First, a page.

Beaches of sugar-like white sand hem this enclave of "small-town flavor and local culture" that is located on the Florida Panhandle between Tallahassee and Panama City, along an otherwise overdeveloped coastline. While this section of the Gulf Coast has not faced immediate damage from the BP oil spill, it may see long-term ecological impacts.
Here is a representative sampling of additional anonymous comments from the panelists. They are not necessarily the views of the National Geographic Society:
"'Forgotten Coast' tag is pretty accurate. Area has not endured the tourism pressures of much of the rest of the Gulf Coast. It doesn't feel like pink, touristy Florida. Good local food is available and development remains appropriate in scale."
"Has become increasingly gentrified over the last twenty years, but it still maintains a high level of social/cultural integrity. Thanks to local environmental NGOs and the Marine Research Station, visitors have opportunities to become informed."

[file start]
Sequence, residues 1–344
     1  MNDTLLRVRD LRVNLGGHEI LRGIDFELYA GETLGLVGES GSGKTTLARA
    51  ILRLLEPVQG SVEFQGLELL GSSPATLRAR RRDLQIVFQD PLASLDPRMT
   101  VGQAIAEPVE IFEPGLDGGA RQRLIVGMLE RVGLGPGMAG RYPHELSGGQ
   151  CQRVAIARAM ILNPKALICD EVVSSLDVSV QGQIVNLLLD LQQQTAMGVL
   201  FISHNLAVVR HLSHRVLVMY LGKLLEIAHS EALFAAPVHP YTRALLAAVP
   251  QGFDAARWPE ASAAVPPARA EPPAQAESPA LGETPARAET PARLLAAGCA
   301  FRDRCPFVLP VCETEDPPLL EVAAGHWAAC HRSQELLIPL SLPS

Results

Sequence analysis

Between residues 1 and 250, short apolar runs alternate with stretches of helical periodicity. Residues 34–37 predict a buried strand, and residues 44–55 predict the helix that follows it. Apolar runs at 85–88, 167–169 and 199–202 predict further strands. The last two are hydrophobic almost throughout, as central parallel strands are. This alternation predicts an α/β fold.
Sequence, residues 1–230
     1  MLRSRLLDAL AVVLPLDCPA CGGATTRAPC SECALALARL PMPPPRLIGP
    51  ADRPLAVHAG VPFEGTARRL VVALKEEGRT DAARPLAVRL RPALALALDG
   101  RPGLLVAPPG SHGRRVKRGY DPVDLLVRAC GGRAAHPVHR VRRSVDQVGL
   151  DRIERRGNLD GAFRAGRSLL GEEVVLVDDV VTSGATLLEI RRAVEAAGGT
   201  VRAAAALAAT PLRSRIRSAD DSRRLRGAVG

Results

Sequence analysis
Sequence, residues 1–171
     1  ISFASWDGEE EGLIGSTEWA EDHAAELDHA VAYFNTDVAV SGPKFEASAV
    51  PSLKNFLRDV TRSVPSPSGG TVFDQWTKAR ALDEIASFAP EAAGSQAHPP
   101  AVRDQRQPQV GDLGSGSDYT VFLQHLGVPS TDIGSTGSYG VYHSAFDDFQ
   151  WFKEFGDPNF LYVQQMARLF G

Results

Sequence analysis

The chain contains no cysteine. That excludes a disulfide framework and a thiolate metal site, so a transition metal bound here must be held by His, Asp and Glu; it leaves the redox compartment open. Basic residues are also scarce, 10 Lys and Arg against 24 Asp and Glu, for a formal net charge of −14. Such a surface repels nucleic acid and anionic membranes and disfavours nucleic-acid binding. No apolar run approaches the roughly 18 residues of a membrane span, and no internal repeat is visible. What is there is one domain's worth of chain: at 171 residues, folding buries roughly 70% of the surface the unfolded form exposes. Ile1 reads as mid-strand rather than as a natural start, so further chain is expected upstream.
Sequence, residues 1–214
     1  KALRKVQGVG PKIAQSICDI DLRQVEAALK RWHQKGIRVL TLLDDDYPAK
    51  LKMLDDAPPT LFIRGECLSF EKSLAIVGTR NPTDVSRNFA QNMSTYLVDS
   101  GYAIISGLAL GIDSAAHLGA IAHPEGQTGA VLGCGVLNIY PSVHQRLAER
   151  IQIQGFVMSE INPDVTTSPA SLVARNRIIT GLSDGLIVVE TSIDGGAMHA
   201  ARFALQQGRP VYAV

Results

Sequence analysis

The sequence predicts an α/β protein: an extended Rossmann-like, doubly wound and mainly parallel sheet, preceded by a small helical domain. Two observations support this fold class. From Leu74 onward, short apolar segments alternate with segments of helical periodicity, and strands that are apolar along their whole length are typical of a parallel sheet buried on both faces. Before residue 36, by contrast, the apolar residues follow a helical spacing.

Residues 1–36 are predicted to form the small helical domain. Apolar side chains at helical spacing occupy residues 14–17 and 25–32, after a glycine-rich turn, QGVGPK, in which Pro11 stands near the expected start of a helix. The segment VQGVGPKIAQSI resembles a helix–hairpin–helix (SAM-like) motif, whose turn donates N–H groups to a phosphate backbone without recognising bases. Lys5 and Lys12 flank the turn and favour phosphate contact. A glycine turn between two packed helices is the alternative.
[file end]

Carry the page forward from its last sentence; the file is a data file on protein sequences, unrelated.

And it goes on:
"Cedar Key at the far south end of the region is a remarkable relic of Old Florida. It has a laid-back feel, and it offers lots of great architecture and wildlife. The BP oil leak has the potential to devastate this region, both culturally and environmentally. For now, however, it retains a high degree of integrity in both areas."
"Facing new growth pressures. The new Panama City airport will bring new pressures to the region. Unknown: oil spill impact."
2016 National Geographic Travel Photographer of the Year Contest
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